Saturday we picked up another Billy bookcase cheaply in Northampton - I've been gradually collecting them from eBay in preparation for my new sewing room. We also stopped into the new knitting store that just opened there: Get Knitting. It's attractively laid out with friendly staff, and stocks Auracania, Debbie Bliss, some Noro, Sirdar and has a small stock of haberdashery. I didn't buy anything. I was looking for buttons for a baby cardigan I am knitting for a work colleague but couldn't see anything appropriate.
This cardigan is knit using a slubby yarn that I found several balls of in a charity shop for .50p each. I am undecided if the cardigan looks summery, or if a non-knitter is just going to think it looks like a dog has been chewing on it. What do you think? Do young mothers today like this kind of novelty yarn? Maybe I should start over in a plain yarn.
On the way home we stopped at B&Q and I bought supplies to repaint my Victorian metal bed frame. I bought it in Canada about 30 years ago and I've never painted it before so it was quite banged up and chipped. Today I spent several hours brushing it down with a wire brush, washing it, and then painting it with two coats of metal paint. It looks much better and when I polish the brass it will look all ready for our new house.
While the first coat of paint was drying, we went over to a sort of County Fair in Rushden, which was quite fun in the sunshine. It reminded me of the agricultural shows I used to go to as a child in Canada apart from there wasn't any actual livestock. There were all sorts of steam traction engines, vintage vehicles, WWII displays, military vehicles, fire engines, market stalls, a fun fair, and most importantly, cotton candy (candy floss). There were also quite a few weird stalls, like a ferret racing tent, an animal rescue association with a sort of mini zoo including a nine-foot python, a mule society with several mules, an owl sanctuary with owls, a chap demonstrating how to take care of parrots, a society of people who build and decorate little painted wooden carts, and all sorts of charities and tombolas and mini-exhibitions. We were exhausted after a couple of hours and a big lunch. It's annual so we will definitely go back next year. Several of the people who live on the adjacent road were taking advantage of the crowds and holding yard sales, and I found a swivel office chair for DS's new room for only £5.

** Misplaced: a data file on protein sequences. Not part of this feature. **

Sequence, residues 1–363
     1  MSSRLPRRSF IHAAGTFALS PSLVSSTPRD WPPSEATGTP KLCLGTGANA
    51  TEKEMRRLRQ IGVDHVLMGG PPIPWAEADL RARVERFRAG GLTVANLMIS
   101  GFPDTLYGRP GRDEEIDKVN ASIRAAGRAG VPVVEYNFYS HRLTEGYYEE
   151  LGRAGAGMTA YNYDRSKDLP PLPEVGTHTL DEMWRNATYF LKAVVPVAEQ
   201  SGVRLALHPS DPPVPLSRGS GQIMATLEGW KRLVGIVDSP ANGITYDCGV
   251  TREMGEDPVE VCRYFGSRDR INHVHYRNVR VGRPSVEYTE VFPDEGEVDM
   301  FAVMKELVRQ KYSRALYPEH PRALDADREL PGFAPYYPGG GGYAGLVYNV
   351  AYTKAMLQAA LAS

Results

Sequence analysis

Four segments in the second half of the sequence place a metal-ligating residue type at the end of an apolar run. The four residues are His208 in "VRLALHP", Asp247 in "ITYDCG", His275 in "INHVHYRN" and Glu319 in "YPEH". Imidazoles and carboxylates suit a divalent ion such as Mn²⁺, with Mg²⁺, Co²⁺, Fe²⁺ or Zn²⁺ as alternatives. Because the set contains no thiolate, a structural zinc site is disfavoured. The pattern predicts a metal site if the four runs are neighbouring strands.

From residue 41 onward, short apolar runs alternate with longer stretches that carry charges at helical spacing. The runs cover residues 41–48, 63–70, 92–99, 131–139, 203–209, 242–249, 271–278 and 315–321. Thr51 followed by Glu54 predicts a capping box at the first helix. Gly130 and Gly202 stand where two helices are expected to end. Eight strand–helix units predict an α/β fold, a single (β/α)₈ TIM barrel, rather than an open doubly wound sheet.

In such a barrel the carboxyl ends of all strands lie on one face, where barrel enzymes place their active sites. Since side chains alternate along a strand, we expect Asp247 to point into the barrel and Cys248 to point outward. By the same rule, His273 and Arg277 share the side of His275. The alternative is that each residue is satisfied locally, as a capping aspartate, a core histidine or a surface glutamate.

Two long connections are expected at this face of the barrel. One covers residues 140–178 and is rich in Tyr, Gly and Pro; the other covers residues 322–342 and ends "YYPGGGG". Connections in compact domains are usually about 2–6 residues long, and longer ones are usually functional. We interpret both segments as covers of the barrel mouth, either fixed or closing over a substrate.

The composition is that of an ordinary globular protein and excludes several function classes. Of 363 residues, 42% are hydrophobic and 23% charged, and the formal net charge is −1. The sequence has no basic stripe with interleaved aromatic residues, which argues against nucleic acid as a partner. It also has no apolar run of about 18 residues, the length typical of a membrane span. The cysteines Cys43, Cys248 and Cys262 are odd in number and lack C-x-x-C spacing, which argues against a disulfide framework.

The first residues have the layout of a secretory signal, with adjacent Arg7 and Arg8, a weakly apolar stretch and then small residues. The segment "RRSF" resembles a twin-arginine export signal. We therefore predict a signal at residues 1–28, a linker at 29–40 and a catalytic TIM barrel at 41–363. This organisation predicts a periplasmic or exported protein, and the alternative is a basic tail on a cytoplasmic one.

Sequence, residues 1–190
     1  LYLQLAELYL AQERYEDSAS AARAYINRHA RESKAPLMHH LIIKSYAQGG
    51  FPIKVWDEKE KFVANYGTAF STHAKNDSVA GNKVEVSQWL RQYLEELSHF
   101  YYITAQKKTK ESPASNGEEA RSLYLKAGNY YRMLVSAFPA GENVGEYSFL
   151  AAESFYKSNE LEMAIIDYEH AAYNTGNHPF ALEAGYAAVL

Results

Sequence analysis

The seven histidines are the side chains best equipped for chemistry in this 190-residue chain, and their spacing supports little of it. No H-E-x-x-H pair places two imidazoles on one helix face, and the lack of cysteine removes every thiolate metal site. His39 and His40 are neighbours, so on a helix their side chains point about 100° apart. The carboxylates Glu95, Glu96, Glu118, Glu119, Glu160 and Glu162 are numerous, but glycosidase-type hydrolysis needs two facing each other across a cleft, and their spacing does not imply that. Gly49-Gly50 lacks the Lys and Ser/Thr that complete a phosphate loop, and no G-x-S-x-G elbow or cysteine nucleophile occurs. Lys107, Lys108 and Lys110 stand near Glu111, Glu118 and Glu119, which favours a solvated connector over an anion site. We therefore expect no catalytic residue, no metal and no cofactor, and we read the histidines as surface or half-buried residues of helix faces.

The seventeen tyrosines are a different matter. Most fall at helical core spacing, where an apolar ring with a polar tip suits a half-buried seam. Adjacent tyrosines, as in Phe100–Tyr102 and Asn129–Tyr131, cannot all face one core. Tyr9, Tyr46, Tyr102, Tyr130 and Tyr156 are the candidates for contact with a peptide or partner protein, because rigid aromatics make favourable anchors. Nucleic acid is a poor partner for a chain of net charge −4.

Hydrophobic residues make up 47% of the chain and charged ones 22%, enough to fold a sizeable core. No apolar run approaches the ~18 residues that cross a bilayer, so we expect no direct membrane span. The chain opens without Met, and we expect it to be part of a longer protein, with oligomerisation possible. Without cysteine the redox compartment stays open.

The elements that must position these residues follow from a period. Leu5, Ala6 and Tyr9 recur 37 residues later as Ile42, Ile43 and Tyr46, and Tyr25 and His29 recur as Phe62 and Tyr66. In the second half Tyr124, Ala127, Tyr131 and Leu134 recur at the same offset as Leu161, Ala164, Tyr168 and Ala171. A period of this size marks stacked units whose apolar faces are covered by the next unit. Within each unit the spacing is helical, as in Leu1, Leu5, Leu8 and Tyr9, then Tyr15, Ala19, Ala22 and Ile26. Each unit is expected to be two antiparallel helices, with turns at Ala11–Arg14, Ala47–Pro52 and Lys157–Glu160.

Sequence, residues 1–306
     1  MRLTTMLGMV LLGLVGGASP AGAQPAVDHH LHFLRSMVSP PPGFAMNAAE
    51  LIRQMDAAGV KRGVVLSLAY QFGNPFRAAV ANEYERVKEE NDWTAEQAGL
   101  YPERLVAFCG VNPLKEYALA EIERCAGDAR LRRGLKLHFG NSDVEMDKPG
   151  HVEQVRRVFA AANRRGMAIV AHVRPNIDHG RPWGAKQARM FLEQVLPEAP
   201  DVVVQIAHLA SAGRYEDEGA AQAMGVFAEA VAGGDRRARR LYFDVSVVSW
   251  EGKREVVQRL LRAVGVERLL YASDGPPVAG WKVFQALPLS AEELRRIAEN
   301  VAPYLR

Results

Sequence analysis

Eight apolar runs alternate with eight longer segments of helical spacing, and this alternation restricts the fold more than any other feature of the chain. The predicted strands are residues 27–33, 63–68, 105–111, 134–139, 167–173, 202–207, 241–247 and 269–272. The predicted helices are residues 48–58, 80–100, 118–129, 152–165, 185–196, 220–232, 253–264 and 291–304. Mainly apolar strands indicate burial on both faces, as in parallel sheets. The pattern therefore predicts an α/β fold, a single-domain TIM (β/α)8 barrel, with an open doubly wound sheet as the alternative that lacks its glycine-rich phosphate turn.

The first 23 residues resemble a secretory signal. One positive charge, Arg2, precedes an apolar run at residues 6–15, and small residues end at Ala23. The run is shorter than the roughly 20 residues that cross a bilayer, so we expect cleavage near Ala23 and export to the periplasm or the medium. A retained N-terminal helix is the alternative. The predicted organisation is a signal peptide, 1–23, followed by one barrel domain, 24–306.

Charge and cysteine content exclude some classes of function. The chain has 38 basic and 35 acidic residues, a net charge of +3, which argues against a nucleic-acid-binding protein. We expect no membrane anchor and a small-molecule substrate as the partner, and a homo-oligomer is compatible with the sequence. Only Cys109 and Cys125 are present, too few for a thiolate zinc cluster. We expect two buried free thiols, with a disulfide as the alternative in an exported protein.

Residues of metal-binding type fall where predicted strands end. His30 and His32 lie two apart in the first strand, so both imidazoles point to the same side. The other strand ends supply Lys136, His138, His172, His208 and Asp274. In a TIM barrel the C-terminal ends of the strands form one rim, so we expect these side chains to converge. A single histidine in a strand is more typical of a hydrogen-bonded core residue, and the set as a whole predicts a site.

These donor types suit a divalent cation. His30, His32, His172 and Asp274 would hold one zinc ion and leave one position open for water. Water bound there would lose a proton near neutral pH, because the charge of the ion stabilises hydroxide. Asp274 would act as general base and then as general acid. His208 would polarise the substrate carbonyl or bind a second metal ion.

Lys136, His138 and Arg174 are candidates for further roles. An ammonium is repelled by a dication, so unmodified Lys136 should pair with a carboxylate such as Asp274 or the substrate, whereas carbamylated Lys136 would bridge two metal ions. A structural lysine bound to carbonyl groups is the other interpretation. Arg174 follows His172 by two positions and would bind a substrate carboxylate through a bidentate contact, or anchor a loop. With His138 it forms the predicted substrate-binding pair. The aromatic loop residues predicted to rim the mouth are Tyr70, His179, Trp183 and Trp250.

I saw this vintage poster on one of the WWII displays:
I'm a quilter?
I've actually done some quilting this week, which to be honest felt rather odd. Quilting used to be one of my main hobbies yet I've hardly done any the past year. I'm using up my pre-cuts and some batik yardage to make this quilt from the Jelly Roll Sampler book.
The book calls for you to use a speciality ruler to cut the half square triangles from the 2.5" pre-cut strips. I don't have that ruler, and the rulers I do have that would work, are all in storage. So I drew out on paper what I needed to cut, and put a piece of masking tape on a normal ruler as a substitute. This is my quilt's centre. I'm rather out of practice so there are a few wobbly seam lines as I endeavour not to cut off, or overly-float, any of the star points. It's been fun. The advantage of pre-cuts is that the fabrics all co-ordinate, yet at the same time it imposes restrictions such as a limited fabric palette. I probably wouldn't normally have used the red stripe for a star, and yet it really pops.
Before I started the quilt, I sewed up a cute little knitting bag to fit a snap purse frame. I actually made two, because the first time I didn't realise I needed to add some slack by angling the top of the bag, and the bag I made was so tight that I could barely get my hand in when the purse was open. I have added a temporary handle from a bit of twill tape I had around. This is the fabric I bought on the SkipNorth weekend and it has a sewing theme: the outside is buttons and the inside is various sewing tools. The bag is stiffened with interfacing and padded with wadding. The frame is about 13 inches wide and is sewn on. I've taken it to work and it was really useful on the train because unlike a tote bag it holds its shape.
I finished the Jay Campbell square for the GAA Afghan. I modified the pattern slightly and only included one bobble because I thought the original cluster in each triangle looked a bit messy.
I've started a ribbed wristwarmer just to have something to knit that doesn't need a chart.
At the same charity shop where I bought the slubby yarn, I spotted a 3-D puzzle of London's Tower Bridge and the box said that it had all the pieces. I gambled and bought it for DH who has spent the last four days happily putting it together (apart from the times when he wasn't very happy because of the vague instructions). It's huge, and he's been very clever to work it all out. It's incredibly detailed, it even has pictures of cars driving along the roadway, and has all the coats of arms and carving detail.